SOCCER in Tasmania has avoided match-fixing and a strong training focus has made it the state's biggest participation game, says the sport's chief.
Football Federation Tasmania chief executive John Boulous said yesterday that soccer had a strong national code of conduct.
Neither players nor officials were allowed to bet on games within their competition.
Mr Boulous was commenting on revelations that players in the Victorian Premier League and others had been charged with match- fixing.
Mr Boulous said match- fixing allegations were not good for the reputation of any sport, but the public would see this for what it was - an isolated incident that was strongly dealt with.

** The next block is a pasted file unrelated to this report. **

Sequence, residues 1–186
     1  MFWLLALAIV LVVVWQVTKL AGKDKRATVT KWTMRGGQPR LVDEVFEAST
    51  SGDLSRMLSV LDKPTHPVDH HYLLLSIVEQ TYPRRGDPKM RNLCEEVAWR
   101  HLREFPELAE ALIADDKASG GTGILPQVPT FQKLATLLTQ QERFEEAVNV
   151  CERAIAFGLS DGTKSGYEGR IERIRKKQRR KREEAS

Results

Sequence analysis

"And importantly this situation in Melbourne shows that the national integrity measures that have been put in place are working ... and they were able to act pretty swiftly," Mr Boulous said.
"That is a positive, it is a pretty clear indication that you won't get away with things like that.
"But in terms of Tasmania, I have no reason to suggest that anything has happened down here, nor have I heard of it happening in the past."
Mr Boulous said soccer had 13,500 registered players and more than 37,000 participants when all forms were considered, making it the state's largest participation sport.
He said a major part of that success was a focus on coach education.
The biggest challenge for any sport was player retention, and ongoing coach education improved the offering and kept people engaged.